Letters

GM: Throwing out more babies?

November 29, 2018   ·   0 Comments

EDITORIAL

JUDGING BY THE REACTION on the stock market and among pundits, the decision of General Motors to “unallocate” its Oshawa assembly plant and four others in the northeastern United States was a wise one.

Investors applauded the plans to slash thousands of jobs and cancel half a dozen car models, GM’s stock jumping nearly 6% by noon Monday after the company said the restructuring would result in annual savings of roughly $6 billion by 2020.

“The actions we are taking today continue our transformation to be highly agile, resilient and profitable, while giving us the flexibility to invest in the future,” said Mary Barra, GM’s chairman and CEO, in a statement. “We recognize the need to stay in front of changing market conditions and customer preferences to position our company for long-term success.”

In Canada, the announcement was greeted by a mixture of anger and frustration, with Prime Minister Justin Trudeau and Ontario Premier Doug Ford for once seeming to agree that there was little their governments could do beyond helping retrain the thousands of laid-off workers at GM and the untold numbers of other firms affected by the closure of a plant that once had more than 20,000 employees.

Unlike the situation 10 years ago, when the two levels of government loaned GM and Chrysler billions of dollars to help them avoid bankruptcy, this time GM is profitable and not seeking help from governments here or elsewhere.

Mr. Trudeau tweeted that he had spoken to GM chief executive Mary Barra and  expressed his “deep disappointment at the closure.” And Premier Ford said that when he spoke with the president of GM Canada on Sunday, he asked: “What can we do? What do we have to do?” and the reply was, “The  ship has already left the dock.”

In an editorial Tuesday, The Globe and Mail termed those responses “depressing but realistic,” noting that GM has more manufacturing capacity than sales and several factories are consequently operating well below capacity, and was significantly downsizing operations around the world.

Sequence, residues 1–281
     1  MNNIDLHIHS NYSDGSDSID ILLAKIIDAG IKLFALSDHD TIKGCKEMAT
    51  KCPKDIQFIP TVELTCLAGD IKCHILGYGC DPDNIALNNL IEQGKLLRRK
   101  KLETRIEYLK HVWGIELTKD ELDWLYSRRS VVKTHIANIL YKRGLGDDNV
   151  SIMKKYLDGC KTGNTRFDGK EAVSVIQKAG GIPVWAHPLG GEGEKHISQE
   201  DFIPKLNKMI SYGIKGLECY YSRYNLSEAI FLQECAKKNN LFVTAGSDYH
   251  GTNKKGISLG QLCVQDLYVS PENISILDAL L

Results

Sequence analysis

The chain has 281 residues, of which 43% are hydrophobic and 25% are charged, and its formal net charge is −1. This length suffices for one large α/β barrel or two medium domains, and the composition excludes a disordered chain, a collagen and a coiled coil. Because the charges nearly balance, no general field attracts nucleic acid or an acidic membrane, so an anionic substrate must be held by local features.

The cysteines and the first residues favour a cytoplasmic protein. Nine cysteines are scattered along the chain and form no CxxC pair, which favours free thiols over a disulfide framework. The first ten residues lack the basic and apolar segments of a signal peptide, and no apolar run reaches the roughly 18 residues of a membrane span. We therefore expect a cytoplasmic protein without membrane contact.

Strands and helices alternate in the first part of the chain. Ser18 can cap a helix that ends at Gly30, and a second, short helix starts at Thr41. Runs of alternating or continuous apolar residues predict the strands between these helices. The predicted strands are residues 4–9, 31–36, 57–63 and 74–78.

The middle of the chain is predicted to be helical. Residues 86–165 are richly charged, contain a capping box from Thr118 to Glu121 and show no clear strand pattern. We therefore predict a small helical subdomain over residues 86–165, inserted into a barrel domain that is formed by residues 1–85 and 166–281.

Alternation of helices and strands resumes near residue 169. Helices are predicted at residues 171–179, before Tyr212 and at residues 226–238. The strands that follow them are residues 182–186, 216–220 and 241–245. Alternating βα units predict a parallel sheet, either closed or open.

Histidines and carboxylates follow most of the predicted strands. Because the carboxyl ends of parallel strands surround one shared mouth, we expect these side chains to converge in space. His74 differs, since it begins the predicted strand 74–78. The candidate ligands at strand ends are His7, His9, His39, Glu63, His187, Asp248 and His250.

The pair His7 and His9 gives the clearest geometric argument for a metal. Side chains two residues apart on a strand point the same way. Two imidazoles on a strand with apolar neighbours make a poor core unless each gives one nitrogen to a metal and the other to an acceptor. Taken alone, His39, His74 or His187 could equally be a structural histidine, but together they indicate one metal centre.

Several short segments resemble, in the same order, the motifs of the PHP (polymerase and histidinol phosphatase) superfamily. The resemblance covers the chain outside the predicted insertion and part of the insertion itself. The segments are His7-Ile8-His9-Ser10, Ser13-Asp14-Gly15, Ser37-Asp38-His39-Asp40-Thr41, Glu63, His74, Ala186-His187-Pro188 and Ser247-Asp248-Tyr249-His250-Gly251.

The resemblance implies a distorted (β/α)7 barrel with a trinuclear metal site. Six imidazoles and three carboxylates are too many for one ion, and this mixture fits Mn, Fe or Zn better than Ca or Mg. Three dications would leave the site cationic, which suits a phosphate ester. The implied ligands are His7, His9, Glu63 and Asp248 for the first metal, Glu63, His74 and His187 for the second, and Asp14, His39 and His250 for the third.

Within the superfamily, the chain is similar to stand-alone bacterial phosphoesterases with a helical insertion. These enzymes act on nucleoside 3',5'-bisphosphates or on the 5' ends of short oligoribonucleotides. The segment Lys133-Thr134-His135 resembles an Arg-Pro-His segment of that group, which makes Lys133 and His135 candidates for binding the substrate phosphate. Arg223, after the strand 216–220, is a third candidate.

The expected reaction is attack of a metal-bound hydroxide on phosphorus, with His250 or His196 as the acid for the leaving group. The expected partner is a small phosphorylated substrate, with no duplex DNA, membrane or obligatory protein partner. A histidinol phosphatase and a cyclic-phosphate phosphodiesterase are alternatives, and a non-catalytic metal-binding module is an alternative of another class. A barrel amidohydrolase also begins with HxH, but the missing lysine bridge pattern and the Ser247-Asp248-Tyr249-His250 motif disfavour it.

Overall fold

GM’s decision has been to refocus its operations on what’s selling now – trucks and sports utility vehicles (SUVs) – and what it will need in the future, namely electric and self-driving cars.

We have no doubt that some plant closures made sense, and clearly the Oshawa plant was relatively old and currently designed to be able to assemble several different types of cars and trucks, some of which have been unpopular, such as the full-size Chev  Impala. But GM also plans to stop production of almost all its cars, including the relatively popular Chevy Cruze, a Buick and two Cadillac models, some of which are now assembled at Oshawa.

This brings to mind the old warning, “Don’t throw the baby out with the bathwater,” the idiomatic expression for an avoidable error in which something good is eliminated when trying to get rid of something bad, or in other words, rejecting the favorable along with the unfavorable.

One thing that should be clear is that there was some linkage between GM’s continuing loss of market share and its decision in 2009 to end production of Pontiacs and Oldsmobiles. (Its share of the U.S. market plummeted from 50.7 per cent in 1962 to 17 per cent in 2016.)

Is there any reason to doubt that the same thing will happen with the planned elimination of another six models of Chevs and Cadillacs?

What likelihood is there that any current owners of these discontinued cars will choose a GM SUV rather than another manufacturer’s car?

We note that no similar fate has befallen the Toyota Corolla or the Honda Civic.

         

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